The first view of the Himalayas is spellbinding! Spending 10-hours on a train, followed by a 2-1/2 hour car ride in the middle of the night may sound crazy to most people, but the long trip was rewarded with vistas that we have no other words to describe but magnificent.
As mentioned previously, Bob wanted to see the Himalayas, so off we went to Dharamsala & the hill station, McCloud Ganj. It just so happens also that McCloud Ganj is the home of the Dalai Lama. There is a large Tibetan population in McCloud including many maroon-robed Buddhist monks & nuns (Marlow you would love it here). It was almost unimaginable that we were still in India with the Tibetan people, culture, food & handicrafts – it is actually likened to a mini-Kathmandu.
Driving up the steep mountain side in the middle of the night to an elevation of around 1800M, Bob kept saying he was seeing snow-capped mountains, I told him they were just clouds – wrong again! We had left a sweltering Rishikesh so it seemed unfathomable that we would be seeing snow. Finally arriving at our hotel, we crashed for a few hours of sleep; when we woke up & stepped out on our balcony we were awe-struck with our first view of the mountain range – absolutely breath-taking! Pictures just cannot capture the majesty & beauty. The elevation also afforded us with much cooler & crisper air, such a nice change, we even required our light jackets again in the evening.
There are great opportunities for trekking, be it long or short in this area. Our first day trek found us at ‘St. John in the Wilderness’ Anglican Church. It was Easter Sunday & we were welcomed to join the Easter service by the small community of Christians living here. Of interest we found a Canadian connection, the final resting place of the 8th Lord of Elgin & former Governor General of the “Province of Canada” – small world. On another day we did a steep hike up to Bhagsu waterfall with small temples scattered high on the mountain-side, havens for meditating monks.
Needless to say we visited the Tsuglagkhang Complex the site of the Tibetan exile community’s main temple & home to the Dalai Lama. Unfortunately we didn’t see his holiness, however it was interesting to observe life at the temple with the monks in lively debate sealing points of arguments with a foot stamp & theatrical claps of the hands.
There was one last thing we (I) wanted to see in India, so we hired a driver to take us to Amritsar in the Punjab. Our niece Jenny sent us a YouTube clip earlier in our travels of a ceremony held each evening at the Attari & Waugh borders separating India & Pakistan, our interest was piqued. The only fly in the ointment was a suicide bombing that took place in Lahore, Pakistan which killed 70 people 2-days previously. Lahore is about 12 miles away from the border crossing, we were thinking of cancelling but no one really seemed concerned, so off we went. Besides what better time we figured, security would be on high alert!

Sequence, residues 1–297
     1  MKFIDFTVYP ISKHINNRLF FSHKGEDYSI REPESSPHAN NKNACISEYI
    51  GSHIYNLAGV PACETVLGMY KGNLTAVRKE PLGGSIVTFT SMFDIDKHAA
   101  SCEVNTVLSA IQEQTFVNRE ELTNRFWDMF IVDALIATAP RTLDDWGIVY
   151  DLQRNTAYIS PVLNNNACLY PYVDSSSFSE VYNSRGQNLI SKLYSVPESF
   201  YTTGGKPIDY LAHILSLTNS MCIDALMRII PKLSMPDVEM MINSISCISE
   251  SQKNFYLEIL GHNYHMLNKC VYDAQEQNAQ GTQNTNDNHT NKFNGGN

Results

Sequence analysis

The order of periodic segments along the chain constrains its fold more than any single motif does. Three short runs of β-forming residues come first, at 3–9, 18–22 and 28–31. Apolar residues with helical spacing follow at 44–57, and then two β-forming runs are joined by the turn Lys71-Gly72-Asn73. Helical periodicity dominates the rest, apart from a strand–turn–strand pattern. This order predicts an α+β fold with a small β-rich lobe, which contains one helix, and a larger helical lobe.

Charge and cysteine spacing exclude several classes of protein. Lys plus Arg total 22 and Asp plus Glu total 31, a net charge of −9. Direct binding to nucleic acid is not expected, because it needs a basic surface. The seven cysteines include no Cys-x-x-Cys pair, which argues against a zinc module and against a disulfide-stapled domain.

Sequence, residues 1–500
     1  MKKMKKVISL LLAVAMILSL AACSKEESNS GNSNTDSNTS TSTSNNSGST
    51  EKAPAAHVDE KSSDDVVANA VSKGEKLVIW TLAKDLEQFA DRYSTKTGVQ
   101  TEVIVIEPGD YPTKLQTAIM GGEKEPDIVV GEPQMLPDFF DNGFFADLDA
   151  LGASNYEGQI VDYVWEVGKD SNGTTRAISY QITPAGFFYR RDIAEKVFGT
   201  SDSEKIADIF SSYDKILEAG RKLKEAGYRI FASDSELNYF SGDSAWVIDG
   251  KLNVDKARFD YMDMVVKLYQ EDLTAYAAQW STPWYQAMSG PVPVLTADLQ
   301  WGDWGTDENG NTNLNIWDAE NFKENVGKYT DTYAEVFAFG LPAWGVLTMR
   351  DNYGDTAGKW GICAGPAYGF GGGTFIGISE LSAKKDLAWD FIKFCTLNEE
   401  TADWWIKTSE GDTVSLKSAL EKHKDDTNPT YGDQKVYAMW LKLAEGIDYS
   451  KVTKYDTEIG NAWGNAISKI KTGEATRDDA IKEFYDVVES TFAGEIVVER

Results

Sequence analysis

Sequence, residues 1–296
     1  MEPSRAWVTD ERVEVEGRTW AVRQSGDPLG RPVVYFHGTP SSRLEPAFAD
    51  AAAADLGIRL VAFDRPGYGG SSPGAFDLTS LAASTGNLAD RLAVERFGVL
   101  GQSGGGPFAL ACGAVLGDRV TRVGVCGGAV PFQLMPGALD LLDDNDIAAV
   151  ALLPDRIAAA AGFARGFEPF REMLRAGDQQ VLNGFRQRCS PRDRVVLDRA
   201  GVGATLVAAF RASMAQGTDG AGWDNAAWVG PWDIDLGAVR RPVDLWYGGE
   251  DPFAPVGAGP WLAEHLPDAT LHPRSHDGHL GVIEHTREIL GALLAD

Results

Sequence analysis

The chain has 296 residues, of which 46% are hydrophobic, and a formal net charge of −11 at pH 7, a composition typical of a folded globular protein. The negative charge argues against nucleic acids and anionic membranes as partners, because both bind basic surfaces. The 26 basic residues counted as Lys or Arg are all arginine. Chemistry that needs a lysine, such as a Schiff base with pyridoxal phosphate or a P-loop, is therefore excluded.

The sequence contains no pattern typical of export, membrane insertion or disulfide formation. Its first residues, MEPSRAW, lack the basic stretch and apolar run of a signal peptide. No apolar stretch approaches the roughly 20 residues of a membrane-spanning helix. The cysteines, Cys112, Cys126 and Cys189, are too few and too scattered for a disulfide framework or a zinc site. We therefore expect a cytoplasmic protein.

Each evening a flag lowering ceremony is held at the border with much pomp & ceremony. The soldiers must be hand-picked since they are all very fit, well over 6′ tall, wear smart dress uniforms & turbans topped with fan-like plumes. The gates open & the performance begins just before dusk with lots of marching, stomping, chest beating & high-kicking, with the military of each side trying to outdo the other. Actually the high-kicking was phenomenal, we saw them actually kicking higher than the plumes on their turbans!
Amritsar itself is nothing to write home about, but it is home to the famous ‘Golden Temple’, the holiest religious place for Sikhs. The stunning gold temple is surrounded by water & ringed by a marble pathway. The water is thought to have healing powers so once again we saw public bathing., primarily by men. We visited twice, once during the day & again at night to see the lights-the place was packed both times. Protocol is strict, head covering is required, shoes/socks must be removed & feet washed in a foot bath before entering the complex. The lineup to get inside the temple itself was very long so we decided to forego the 2-hour or more wait.
Another train ride saw us back in New Delhi. We have such a good handle on the railway system now, a far cry from our first experience! We headed directly to the airport arriving in Goa a few hours later for the final days of our sojourn in India. Here we are enjoying the beach, relaxing & decompressing for the next few days before heading back to Mumbai to catch the long flight home.
You aren’t quite finished with us yet though! We plan to do one final blog giving you our final thoughts travelling India.